Still, he's shooting better than 43 percent while averaging 12.7 three-point attempts per 40 minutes. Factor in the steals on defense and the near-perfect free-throw shooting (17-of-18), and this three-and-D wing is going to be highly coveted on draft night. However, we would like to see a little bit more of an overall impact—as well as a more consistent one—from the No. 2 recruit in the class.
RJ Barrett, Duke
Stats: 22.8 PPG, 5.7 RPG, 4.0 APG, 31.6% 3PT
From a volume perspective, RJ Barrett's numbers look great. If he keeps it up, he'll join Markelle Fultz as the only freshmen in the past 27 seasons to average at least 20 points, five rebounds and four assists per game.
Efficiency is a different story, though, as it is taking Barrett 20.8 field-goal attempts to score those 22.8 points. In addition to the mediocre three-point percentage noted above, he's shooting just 44.8 percent from inside the arc and 62.2 percent from the free-throw line.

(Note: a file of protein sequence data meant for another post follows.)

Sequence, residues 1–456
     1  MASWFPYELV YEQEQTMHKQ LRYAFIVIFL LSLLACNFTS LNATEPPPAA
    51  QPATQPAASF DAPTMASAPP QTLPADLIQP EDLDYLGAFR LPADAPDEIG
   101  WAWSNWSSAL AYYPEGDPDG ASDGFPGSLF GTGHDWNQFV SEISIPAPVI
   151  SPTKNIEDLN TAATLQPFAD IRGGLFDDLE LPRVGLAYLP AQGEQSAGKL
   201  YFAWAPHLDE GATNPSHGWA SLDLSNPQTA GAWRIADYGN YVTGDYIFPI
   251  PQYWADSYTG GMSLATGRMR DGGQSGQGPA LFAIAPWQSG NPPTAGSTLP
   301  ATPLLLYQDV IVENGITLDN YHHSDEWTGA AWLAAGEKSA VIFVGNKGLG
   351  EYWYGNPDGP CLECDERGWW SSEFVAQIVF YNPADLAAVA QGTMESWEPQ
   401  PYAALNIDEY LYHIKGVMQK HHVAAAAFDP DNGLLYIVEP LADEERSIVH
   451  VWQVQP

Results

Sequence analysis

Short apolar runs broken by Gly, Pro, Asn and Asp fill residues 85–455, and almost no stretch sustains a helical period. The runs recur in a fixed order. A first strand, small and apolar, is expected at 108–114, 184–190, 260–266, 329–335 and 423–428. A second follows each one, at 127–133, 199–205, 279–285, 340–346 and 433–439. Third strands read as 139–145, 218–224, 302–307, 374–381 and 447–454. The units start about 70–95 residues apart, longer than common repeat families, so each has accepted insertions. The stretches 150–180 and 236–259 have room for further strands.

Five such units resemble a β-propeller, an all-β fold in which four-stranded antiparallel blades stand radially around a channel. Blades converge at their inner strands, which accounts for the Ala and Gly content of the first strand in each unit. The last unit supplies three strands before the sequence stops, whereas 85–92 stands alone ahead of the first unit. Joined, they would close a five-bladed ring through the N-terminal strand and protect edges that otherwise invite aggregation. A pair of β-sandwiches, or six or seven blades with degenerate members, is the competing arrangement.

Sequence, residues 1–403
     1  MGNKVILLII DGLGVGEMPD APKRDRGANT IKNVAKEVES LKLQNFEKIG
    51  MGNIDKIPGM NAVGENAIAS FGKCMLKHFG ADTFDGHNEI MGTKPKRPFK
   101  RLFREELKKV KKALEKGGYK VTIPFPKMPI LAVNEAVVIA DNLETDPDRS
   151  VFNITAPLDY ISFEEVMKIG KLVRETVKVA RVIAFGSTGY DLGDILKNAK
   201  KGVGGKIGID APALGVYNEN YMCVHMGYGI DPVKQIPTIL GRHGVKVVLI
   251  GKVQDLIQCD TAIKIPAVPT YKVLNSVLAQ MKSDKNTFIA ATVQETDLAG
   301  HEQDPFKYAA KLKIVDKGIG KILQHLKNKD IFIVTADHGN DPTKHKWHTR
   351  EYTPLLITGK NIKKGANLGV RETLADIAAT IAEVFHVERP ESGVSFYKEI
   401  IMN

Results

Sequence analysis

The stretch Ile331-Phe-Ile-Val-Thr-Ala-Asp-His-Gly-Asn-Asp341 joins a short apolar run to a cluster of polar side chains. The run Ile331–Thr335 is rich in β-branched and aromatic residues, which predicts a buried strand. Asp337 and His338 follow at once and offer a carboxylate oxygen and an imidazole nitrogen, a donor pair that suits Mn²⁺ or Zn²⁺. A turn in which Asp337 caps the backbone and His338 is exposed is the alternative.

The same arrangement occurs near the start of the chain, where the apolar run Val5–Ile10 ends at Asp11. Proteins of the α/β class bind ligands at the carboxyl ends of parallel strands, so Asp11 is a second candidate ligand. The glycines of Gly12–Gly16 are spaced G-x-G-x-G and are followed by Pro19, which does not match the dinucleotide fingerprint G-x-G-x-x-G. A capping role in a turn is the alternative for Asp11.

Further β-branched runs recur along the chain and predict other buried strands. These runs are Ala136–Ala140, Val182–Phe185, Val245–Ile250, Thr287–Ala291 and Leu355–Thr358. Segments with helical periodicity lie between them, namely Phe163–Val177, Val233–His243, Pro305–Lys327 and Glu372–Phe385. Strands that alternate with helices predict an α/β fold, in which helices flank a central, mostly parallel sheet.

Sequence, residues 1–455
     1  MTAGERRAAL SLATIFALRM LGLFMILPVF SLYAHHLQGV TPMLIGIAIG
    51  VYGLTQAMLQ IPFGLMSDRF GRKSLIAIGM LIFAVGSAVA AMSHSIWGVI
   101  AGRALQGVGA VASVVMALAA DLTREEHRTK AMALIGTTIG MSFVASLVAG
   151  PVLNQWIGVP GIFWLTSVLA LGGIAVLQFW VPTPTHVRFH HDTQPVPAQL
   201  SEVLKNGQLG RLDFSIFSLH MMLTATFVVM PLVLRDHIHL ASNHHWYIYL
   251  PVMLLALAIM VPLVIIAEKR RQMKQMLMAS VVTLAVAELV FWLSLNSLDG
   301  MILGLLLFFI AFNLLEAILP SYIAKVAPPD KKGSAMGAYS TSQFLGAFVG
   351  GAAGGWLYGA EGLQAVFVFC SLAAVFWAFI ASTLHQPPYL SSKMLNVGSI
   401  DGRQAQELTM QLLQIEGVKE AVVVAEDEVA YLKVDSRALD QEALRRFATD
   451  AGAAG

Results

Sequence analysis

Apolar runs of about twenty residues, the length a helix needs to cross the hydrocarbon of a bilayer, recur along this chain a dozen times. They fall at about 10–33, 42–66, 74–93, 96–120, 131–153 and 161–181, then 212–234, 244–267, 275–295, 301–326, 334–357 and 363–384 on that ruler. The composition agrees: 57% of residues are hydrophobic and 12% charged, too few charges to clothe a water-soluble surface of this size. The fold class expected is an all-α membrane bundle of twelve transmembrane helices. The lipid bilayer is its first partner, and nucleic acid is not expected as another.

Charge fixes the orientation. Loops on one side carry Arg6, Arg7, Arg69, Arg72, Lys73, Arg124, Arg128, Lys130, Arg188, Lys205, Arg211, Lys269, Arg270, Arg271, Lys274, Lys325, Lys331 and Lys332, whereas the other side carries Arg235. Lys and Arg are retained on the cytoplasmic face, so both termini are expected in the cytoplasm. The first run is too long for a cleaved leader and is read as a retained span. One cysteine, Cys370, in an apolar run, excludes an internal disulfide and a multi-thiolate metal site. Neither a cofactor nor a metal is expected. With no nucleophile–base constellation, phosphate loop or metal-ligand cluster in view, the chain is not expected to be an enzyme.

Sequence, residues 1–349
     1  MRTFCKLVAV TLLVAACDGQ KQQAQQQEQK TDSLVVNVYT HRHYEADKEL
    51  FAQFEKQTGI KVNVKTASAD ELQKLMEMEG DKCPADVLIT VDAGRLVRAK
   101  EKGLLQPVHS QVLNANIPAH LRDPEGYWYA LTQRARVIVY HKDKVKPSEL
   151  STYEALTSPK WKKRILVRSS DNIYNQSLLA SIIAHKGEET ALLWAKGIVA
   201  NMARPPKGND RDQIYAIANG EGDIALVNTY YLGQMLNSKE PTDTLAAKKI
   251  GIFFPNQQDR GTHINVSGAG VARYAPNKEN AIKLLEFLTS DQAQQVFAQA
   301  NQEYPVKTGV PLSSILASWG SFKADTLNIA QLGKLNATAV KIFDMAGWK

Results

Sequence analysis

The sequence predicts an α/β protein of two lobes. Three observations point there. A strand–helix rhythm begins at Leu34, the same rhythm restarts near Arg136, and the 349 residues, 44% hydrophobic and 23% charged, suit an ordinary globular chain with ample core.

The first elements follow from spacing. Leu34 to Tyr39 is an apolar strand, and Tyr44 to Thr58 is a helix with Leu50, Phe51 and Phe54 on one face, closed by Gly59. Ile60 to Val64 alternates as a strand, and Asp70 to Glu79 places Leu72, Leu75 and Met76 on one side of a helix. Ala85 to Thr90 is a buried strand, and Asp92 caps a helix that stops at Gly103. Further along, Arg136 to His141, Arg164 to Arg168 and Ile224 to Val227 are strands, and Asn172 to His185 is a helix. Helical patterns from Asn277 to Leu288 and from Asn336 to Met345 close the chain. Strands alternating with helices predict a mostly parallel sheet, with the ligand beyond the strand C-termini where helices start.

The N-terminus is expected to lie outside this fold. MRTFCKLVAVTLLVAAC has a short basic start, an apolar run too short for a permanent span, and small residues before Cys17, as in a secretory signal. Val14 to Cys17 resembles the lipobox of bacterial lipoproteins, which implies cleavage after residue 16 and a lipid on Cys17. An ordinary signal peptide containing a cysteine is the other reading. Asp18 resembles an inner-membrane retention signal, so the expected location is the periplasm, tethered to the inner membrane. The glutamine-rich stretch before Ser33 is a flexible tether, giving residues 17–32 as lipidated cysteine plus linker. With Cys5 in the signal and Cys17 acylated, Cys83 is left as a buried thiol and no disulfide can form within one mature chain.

That's not great, to say the least.
And when the Blue Devils needed him the most at the end of the Maui Invitational championship against Gonzaga, he got absolutely stuffed at the rim on three straight possessions and missed all five of his field-goal attempts in the final minute. Plus, on Gonzaga's game-winning bucket, Barrett got switched onto Rui Hachimura and barely even tried to stop him from scoring.
It was a thoroughly unimpressive crunch-time performance, and it came not 24 hours after a close game against Auburn in which Barrett shot 1-of-5 from the field with four turnovers over the final 11 minutes.
If Barrett hadn't been the No. 1 overall recruit, we wouldn't be so critical of his inefficiency and his late-game performances. But compared to how well Marvin Bagley III, Jahlil Okafor and Ben Simmons played immediately in November in recent years, it has been a disappointing start for Barrett.
According to the advanced statistics on Sports Reference, Barrett ranks fourth among Blue Devils in player efficiency rating, seventh in win shares per 40 minutes and ninth in box plus/minus. If that doesn't change in a big way, it's going to be a tough pill to swallow for any team considering taking him with the No. 1 pick.
Kerry Miller covers men's college basketball and college football for Bleacher Report. You can follow him on Twitter, @kerrancejames.